Friday, November 6, 2009

the socialization of everything

The 19th through 20th centuries were marked by the rise in individual privacy and increases in solitary behavior.
  • Dating as couples became the norm among young people, in contrast with primarily socializing in groups.
  • It became less common for neighbors to be considered automatic friends, and in some neighborhoods, even to know each other.
  • Fewer people joined clubs and other social groups, as pointed out in Bowling Alone, by Robert D. Putnam (2000). In fact, in some communities some such groups went from being respected and membership being considered socially necessary, to being considered "hokey." How many teenaged Scouts do you know? For that matter, how many kids do you know who went beyond Cub Scouts or Brownies?
  • Television went from a community experience shared with friends and neighbors, to a family experience, to individuals having their own sets in their bedrooms.
  • Groups of friends used to get together to listen to records. Beginning with the Walkman in the early 1980s, music became something often listened to through earphones on a personal device.
  • Games went from mostly being played by two or more people around a table to being played by one person in front of a computer. I remember when early video arcade games like Asteroids and Pac Man began to replace pinball machines in the student union. Looking back, I realize that it was more usual -- more "normal" -- to see a person playing those games alone than to see a lone pinball player without friends standing around watching while they waited for their turn. Solitaire had a reputation for being played by pathetically lonely people. Few admitted to playing it. There seems to be no such connotation or shame with computer solitaire.
  • The "populars" became a bit less universally worshipfully respected and the "nerds" a bit less despised. Respect for diversity and awareness of conditions such as Asperger's syndrome made people realize that not everyone is socially inclined; parents, teachers, and other caregivers became less likely to see shyness as a severely harmful character flaw or a sin. (Yes, people still laughed at the Trekkie in his parents' basement, but for the first time, there was sometimes some affection in that laugh.)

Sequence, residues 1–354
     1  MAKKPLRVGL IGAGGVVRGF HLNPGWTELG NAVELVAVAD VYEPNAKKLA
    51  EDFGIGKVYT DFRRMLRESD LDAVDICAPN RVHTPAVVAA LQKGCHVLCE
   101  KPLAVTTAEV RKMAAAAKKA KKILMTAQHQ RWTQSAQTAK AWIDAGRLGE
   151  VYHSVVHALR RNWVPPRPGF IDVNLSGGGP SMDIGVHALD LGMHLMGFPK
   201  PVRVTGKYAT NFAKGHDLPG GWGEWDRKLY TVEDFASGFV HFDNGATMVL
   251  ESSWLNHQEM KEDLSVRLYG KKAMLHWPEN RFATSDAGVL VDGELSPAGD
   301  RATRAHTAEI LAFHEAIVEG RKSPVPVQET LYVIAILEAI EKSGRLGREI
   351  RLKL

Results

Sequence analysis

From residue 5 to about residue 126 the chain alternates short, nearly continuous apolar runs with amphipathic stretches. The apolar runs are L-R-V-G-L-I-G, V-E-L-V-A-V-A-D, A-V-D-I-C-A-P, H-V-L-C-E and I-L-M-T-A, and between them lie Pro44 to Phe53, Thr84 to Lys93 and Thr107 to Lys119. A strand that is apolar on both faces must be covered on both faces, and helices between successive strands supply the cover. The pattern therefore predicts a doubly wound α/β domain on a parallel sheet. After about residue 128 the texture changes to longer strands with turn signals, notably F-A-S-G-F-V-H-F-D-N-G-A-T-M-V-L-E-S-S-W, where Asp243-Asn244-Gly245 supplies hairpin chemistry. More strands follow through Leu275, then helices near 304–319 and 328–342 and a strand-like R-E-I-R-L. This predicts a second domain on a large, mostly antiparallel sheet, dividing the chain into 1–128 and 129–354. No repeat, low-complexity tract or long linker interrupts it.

Recently, the tide seems to be turning.
  • Scientific research is placing more and more emphasis on the social aspects of the human experience. In The Ape that Spoke (1991), John McCrone presents a theory that human language began, not for practical hunting, gathering, tool-making, or survival reasons, but to keep track of social interactions and relationships and interact socially -- to gossip and schmooze.
  • In Gen Buy (2009), Kit Yarrow points out that the current generation of teens and young adults are more likely to socialize in groups (and especially shop in groups -- this is a business advice book), and to consult their peers before doing things (especially before buying things).
  • More and more computer games are made to be played against human opponents rather than the computer. The social component is even greater in online multiplayer games like Runescape and World of Warcraft.
  • Console video games have always been come with two or more controllers so that people could play together, but the games provided equally for a single-player experience. The games which seem to be growing most in popularity are ones like Rock Band and Wii Sports, which are primarily designed to be for multiple players.
  • Web authoring has become social with the rise of blogging and microblogging, which provides a place for reader comments, as do many national and local news sites. Many blog hosting sites make it possible to turn the commenting function off, but a blogger who does so will be seen as unfriendly.
  • Websites created solely for social interaction, such as Facebook and MySpace, are among the top sites on the internet.
  • There's an increasing tendency for any activity done in public to be done in pairs or larger groups. Now few people seem to even study alone. Until recently, many, if not most, of the people at public libraries (excepting, of course, children young enough to need a parent with them) came alone. They got their books and went home to read alone, or sat in the library reading or writing alone. There's a reason many libraries had solitary study carrels. Even when families or friends came together, the individuals in the group usually had their own agendas, their own books to look for. Recently the shift is toward groups coming in and doing everything together. Many of the requests we get at the reference desk are for someone else in the group -- "My sister needs help," "My friend's computer crashed," "My husband is looking for the westerns," "My cousin..." Chairs are moved from individual carrels and individual places at tables and clustered around computers. The chairs left at the tables are moved from their rows and grouped into configurations better suited to conversation and sharing books or a notebook computer.
Some reasons for the shift may be technological, e.g., social websites and cell phones make it convenient to keep in touch with many people. And some may be cultural; more working class people, who tend to be suspicious of private activity, now are using computers, and there are more people from non-western-European cultures who place a high value on doing things in family or friend groups. But there does seem to be a definite shift toward more social behavior, and with it a change in norms and values.

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